Similar changes were made with respect to Kraus Claims 1 and 24. (See Messenheimer Affidavit at para. 38 and 45). Under the doctrine of prosecution history estoppel, Kraus can not invoke the doctrine of equivalents to resurrect the unamended claims he relinquished to successfully prosecute his patent. See Diversitech Corp. v. Century Steps, Inc., 850 F.2d 675, 681, 7 U.S.P.Q.2D (BNA) 1315 (Fed. Cir. 1988); Builders Concrete v. Bremerton Concrete Products, 757 F.2d 255, 260, 225 U.S.P.Q. (BNA) 240 (Fed. Cir. 1985). Thus, Kraus is estopped from asserting that the billing systems of the patents at issue are not significantly distinct. Although it was not made of record in the patent office prosecution of the Kraus patent, Riesz U.S. Patent No. 2,998,489 (Defendant's Exhibit 11) illustrates the type of prior art Kraus had to overcome. *fn3" The Riesz patent is a message delivery system which is originated by the calling party and whose object is to deliver a message at any time. Uncontradicted testimony in the Porter and Farris affidavits establishes that if Kraus Claim 18 is construed to render unessential the charging information production or computation features recited in Krause Claim 18, then Kraus Claim 18 would be invalid as reading on the prior art. (See Messenheimer Affidavit at para. 71-75). In his deposition, Kraus admitted that his charging system was an "integral part of the patent" and was "essential." Kraus Deposition at 24). Especially after having admitted to the significance of the change, Kraus can not extend the doctrine of equivalents to cover a broad claim that he was previously compelled to relinquish. The same analysis applies to Kraus Claims 1 and 24. (See Messenheimer Affidavit at para. 76-83).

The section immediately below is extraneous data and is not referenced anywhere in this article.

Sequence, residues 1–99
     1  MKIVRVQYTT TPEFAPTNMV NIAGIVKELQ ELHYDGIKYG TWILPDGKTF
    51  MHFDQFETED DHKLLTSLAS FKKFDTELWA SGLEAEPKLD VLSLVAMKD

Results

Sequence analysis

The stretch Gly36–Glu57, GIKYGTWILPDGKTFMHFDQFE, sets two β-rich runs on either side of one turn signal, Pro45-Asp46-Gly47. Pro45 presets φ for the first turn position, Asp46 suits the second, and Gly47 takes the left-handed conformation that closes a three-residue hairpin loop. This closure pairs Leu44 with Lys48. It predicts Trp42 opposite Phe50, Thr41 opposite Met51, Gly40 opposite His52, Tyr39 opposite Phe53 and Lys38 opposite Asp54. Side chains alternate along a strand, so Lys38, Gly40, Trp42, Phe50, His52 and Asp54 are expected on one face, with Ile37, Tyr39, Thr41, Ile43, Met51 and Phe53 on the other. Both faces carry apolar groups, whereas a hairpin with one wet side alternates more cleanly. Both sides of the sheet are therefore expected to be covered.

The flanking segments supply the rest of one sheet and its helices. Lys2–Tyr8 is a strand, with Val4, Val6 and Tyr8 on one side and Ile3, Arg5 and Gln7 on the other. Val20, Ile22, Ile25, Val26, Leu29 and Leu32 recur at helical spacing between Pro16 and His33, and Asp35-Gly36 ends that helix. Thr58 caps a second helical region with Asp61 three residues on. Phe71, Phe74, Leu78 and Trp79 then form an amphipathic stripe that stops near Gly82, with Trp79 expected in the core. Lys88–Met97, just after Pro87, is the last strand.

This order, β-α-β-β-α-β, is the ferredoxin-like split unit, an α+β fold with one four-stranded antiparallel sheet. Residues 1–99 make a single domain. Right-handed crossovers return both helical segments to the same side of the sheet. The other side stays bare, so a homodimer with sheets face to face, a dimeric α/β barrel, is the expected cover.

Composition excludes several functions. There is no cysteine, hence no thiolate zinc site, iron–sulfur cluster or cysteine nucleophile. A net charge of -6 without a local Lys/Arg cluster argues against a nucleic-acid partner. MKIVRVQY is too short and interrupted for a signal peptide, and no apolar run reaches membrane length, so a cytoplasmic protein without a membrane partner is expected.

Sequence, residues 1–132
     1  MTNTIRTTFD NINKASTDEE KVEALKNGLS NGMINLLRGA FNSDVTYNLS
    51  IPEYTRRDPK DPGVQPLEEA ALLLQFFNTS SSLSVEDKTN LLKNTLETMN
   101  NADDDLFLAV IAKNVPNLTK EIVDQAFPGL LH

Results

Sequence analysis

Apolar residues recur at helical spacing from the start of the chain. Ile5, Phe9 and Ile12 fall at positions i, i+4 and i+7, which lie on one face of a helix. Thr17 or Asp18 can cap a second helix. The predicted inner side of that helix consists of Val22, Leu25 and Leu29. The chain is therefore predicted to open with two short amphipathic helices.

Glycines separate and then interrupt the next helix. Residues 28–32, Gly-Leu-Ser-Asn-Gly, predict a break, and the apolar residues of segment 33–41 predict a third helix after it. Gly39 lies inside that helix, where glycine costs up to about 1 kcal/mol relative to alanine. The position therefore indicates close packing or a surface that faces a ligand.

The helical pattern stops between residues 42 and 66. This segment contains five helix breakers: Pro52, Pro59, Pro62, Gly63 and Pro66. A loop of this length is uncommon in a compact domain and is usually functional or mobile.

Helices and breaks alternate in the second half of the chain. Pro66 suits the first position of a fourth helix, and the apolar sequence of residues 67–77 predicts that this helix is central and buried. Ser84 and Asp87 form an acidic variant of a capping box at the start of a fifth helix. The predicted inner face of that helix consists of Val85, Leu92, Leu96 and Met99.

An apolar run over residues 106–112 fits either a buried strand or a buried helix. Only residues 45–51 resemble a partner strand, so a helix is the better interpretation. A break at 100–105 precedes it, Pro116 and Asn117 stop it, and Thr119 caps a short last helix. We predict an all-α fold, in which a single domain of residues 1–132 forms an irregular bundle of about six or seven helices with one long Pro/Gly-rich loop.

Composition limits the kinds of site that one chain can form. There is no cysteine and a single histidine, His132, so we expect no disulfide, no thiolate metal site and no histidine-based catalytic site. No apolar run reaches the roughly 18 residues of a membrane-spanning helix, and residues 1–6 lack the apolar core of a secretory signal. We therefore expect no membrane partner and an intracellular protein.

Neither plaintiff's brief nor his oral argument responded to defendant's estoppel argument. We find no genuine issue of material fact precluding our granting summary judgment on the ground that the prosecution history of the patent estops plaintiff from proving infringement.

 In conclusion, the evidence clearly establishes that defendant did not infringe upon plaintiff's patent. Defendant has shown that it neither literally infringed upon the Kraus patent nor that it infringed under the doctrine of equivalents. Furthermore, defendant has shown that even if the devices were equivalent, plaintiff is estopped from claiming infringement. Plaintiff has not raised any genuine issue of material fact precluding our granting summary judgment. Thus, for the all the reasons adduced above, defendant's motion for summary judgment is granted.

 An appropriate Order follows.


 AND NOW this 17th day of May, 1989, upon consideration of MOTION for SUMMARY JUDGMENT, filed by defendant on March 27, 1989, OPPOSITION thereto, filed by plaintiff on April 3, 1989, and REPLY BRIEF, filed by defendant on April 5, 1989, it is hereby ORDERED that defendant's motion is Granted. Judgment is hereby entered for defendant and against plaintiff.